Even if you haven’t got a cat to sell, there are some delightful sparkling wines around that are considerably cheaper, largely because they are not made by the laborious and expensive Champagne Method. Anyway, if you are not into sparkling wines, I am truly sorry because that’s what I’m writing about, so your best bet is to go down the page and see what Khun Ocha’s is cooking up this week.
Pierlant Blanc de Blancs Brut (sparkling white), France (Villa Bt. 379)
This is from Charente in France, a départment that lies quite close to Bordeaux in South-West France. The wine is pale amber with a good race of fine, plentiful bubbles. There is a fresh, floral aroma with gentle white fruit and a hint of freshly cut grass. This is a very summery kind of wine, rich and light and with a very soft mouth-feel. The expression “Blanc de Blancs” (BLAHN duh BLAHN) means “white wine from white grapes”. The phrase originated in the Champagne region, where the juice from both white and red grapes is usually used in Champagne production.
As the wine warms up (for I brought it straight out of the fridge) the fruit comes forward and shows a taste of green apples, tropical fruit and a lovely zesty dash of soft acidity that gives the wine a refreshing quality. There are reminders of citrus on the pleasantly dry finish. It is only 11% alcohol content and would make a superb apéritif. It really is very good, despite the relatively low price. The bottle looks rather impressive too with a rich gold foil and a rather splendid coat of arms.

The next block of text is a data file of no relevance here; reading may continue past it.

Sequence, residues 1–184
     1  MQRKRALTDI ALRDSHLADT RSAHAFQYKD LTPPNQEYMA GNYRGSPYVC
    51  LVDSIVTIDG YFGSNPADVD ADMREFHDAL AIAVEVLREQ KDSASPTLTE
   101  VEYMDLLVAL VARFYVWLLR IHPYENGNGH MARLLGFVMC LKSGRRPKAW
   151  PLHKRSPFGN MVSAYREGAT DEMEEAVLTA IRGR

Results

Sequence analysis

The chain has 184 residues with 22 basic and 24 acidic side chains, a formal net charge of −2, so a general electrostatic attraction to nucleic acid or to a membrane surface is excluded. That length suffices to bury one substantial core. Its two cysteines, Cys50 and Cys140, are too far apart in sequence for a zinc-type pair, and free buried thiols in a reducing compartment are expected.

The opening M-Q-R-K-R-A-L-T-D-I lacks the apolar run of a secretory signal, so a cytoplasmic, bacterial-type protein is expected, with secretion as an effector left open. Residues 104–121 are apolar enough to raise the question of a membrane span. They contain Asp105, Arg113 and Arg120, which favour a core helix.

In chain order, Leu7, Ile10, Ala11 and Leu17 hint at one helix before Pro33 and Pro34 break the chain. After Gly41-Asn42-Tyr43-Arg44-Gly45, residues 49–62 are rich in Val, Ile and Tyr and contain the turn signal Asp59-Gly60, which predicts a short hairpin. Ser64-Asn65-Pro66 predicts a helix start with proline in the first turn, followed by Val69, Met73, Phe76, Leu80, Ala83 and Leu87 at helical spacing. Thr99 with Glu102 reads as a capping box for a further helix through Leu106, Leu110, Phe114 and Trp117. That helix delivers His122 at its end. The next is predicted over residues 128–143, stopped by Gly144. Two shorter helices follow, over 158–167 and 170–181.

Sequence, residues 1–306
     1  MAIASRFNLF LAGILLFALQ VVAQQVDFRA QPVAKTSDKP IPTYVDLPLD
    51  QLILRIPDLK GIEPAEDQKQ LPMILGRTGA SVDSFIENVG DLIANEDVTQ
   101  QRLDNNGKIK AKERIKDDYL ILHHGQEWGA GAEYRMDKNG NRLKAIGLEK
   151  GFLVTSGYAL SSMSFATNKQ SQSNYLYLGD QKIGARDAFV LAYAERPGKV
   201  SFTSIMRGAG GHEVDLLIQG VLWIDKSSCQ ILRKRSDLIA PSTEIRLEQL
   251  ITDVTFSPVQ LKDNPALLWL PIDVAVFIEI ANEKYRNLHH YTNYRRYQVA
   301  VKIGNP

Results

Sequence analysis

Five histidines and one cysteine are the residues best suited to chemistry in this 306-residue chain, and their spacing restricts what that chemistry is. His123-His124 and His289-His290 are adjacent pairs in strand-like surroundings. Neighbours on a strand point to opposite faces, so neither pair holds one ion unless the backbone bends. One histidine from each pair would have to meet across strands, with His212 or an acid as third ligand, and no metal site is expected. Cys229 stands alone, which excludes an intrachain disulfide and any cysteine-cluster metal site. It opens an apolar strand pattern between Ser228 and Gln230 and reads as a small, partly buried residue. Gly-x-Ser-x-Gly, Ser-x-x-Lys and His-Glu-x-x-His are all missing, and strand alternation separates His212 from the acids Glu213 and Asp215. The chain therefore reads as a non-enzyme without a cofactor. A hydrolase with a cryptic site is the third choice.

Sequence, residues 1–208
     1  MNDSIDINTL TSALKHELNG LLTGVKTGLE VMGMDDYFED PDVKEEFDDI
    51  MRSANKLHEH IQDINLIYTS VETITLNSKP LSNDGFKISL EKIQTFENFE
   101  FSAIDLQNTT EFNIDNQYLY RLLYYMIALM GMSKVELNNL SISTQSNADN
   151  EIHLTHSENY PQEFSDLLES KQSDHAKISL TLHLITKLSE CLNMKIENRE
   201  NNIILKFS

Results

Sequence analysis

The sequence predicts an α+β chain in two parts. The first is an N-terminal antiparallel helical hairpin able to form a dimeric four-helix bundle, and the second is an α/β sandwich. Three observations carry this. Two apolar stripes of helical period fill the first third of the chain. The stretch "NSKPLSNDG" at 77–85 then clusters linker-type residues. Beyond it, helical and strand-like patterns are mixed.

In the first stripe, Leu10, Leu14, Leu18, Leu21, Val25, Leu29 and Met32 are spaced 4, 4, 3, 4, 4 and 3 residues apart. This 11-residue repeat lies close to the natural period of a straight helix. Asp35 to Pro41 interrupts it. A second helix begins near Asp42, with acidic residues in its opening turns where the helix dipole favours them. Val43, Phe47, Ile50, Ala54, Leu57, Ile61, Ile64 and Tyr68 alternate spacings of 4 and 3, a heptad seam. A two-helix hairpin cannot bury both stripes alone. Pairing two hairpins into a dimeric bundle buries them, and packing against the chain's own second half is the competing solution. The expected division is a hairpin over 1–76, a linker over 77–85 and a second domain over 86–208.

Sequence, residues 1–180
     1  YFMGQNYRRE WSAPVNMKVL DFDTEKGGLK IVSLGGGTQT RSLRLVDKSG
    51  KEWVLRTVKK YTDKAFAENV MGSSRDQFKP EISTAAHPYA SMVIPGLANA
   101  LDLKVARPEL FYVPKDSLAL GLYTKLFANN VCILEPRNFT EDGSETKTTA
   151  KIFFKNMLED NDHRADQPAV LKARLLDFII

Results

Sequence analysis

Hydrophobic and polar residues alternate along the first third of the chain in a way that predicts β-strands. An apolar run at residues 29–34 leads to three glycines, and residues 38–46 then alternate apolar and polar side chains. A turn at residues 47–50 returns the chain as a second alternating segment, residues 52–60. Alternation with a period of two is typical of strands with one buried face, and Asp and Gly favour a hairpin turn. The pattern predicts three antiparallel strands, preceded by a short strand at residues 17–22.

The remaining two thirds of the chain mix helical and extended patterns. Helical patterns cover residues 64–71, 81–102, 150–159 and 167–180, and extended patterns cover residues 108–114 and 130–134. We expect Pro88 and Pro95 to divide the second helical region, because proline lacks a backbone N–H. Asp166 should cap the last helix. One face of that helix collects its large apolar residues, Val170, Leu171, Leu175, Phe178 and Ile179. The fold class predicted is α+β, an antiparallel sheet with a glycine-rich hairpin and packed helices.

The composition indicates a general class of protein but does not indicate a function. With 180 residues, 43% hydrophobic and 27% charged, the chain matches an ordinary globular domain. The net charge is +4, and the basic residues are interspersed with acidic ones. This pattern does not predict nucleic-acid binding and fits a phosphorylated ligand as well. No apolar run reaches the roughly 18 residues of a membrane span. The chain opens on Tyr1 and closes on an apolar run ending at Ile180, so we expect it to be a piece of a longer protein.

Coralba Spumante Brut (sparkling white), Italy (Wine Connection Bt. 349)
This wine comes from the Togni Family Winery, based in the Le Marche region which lies on the Adriatic Coast, about a third of the way down the leg of Italy. This must be one of the cheapest sparklers around, and jolly good it is too. It’s a very pale bright straw colour with flecks of green and a good race of bubbles. It’s a little bit more assertive than the Pierlant Blanc de Blancs. There’s a fresh and delicate floral aroma that reminded of cherries, vanilla and fresh grass. It has a lively, refreshing mouth-feel, with a bright touch of mineral acidity and hints of dried herbs. The wine has just a faint touch of sweetness on the very long dry finish. The taste reminds me slightly of the tangy green apples that my mother used for baking her legendary apple pies, which brightened up the grey wintry Sunday afternoons for which Britain is justly infamous.
At just 11% alcohol, this would make an excellent apéritif and would really perk up weary taste buds before dinner. “Spumante” (spoo-MAHN-tay) of course, means “sparkling” and “Brut” (broot) is the word normally used with sparklers to indicate that they are dry. Confusingly, a wine labelled “Brut” is drier than a wine labelled “Extra Dry” whereas “Extra Brut” is about as dry as they come.
Incidentally, before you open a bottle of sparkling wine, just remember that the pressure inside is about the same as the pressure inside the tyre of a pick-up truck. The important thing is to have your wine glasses ready (tall, thin ones please) and a handy clean cloth in the case there are spills. With your thumb holding down the cork, slowly rotate the bottle with the other hand. You’ll feel the cork starting to push out. The cork should come out with a gentle “schlop” and not with a loud and vulgar pop. Don’t forget to keep your thumb well down on the cork all the time, just in case the pressure causes a premature ejection.